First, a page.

Aluminium concept cars of the future got an airing at a conference to highlight the use of the lightweight metal in the transport industry.
Students from the school of industrial design at Coventry University showed off their latest innovations at the Moving Forward with Aluminium conference at Millennium Point in Birmingham.
A peapod like transporter and a lightweight structure based on a traditional Japanese paper door were among the concepts recognised at the event, which was organised by the Aluminium Federation.
Paul Frigout picked up £1,000 for his Honey concept, which was based on a Japanese door, in the intensive use of aluminium category.
Runners up were Stephen Slater and Darren Garrett, who recieved £500 and £250.
Mr Garrett won the innovative use category - and £1,000 - for Ubersegway, a giant peapod machine which can move up to 20 passengers.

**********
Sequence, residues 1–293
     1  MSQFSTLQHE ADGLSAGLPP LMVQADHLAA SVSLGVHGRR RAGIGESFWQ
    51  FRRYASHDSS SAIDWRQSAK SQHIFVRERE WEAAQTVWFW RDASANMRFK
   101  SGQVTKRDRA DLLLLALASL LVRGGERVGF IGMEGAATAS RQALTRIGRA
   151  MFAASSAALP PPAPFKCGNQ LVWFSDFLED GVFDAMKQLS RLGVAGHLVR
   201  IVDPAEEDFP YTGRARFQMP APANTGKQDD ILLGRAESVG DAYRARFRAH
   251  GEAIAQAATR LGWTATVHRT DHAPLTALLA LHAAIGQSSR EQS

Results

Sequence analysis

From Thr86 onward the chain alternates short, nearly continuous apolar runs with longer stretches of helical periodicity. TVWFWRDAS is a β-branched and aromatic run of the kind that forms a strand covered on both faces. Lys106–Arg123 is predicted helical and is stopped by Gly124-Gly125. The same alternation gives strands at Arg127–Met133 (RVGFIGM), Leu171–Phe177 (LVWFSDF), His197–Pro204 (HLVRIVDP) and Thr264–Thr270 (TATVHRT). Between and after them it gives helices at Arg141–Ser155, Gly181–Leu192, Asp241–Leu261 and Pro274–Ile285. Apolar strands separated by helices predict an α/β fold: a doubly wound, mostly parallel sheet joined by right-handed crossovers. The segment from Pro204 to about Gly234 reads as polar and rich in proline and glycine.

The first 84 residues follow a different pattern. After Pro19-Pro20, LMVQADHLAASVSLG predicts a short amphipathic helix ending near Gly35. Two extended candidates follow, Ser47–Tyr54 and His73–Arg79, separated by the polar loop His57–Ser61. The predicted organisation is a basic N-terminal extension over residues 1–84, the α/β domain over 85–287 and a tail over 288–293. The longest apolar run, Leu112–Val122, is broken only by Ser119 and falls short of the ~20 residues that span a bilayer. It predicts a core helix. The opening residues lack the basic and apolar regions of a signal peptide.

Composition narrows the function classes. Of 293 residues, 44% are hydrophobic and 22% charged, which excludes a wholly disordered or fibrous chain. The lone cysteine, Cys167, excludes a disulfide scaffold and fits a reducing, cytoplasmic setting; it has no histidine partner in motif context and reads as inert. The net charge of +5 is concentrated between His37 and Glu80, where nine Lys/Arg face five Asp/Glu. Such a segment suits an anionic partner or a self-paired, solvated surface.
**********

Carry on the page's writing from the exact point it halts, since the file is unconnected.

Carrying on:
Runners up were Zeb Forrest Wilkinson with a motorcycle concept and Stephen Slater for his camper van design.
Prof Heinz Wolff, the presenter of The Great Egg Race, awarded the prizes.
He said: "It is very appropriate for a city like Coventry with its motoring tradition to produce these students."
Earlier the conference heard how aluminium cars are the future of the motor industry with benefits of lightness making vehicles more environmentally friendly and cheaper to run.
Jaguar already uses the metal extensively in its XJ saloon and XK sports car which are both produced at its plant in Castle Bromwich.
Automotive expert Prof Garel Rhys said he could see many more cars using the benefits of aluminium technology in future.
He said: "If you want to reduce the fuel use, a good way to start is to reduce the weight of a vehicle by using aluminium.
"If you reduce the weight by ten per cent, you cut the fuel use by ten per cent. It is not just about better engines and more efficient fuels."
Richard Mahoney, spokesman for the Aluminium Federation, said: "Aluminium is more expensive to produce than steel because it uses a lot of energy, but it has lots of benefits.
"It is a third of the weight and does not rust and is totally recyclable. Recycled aluminium is worth between £800 to £1,000 a ton. Nowadays you often have to pay for your car to be recycled, but in future people will be paying you to scrap your car."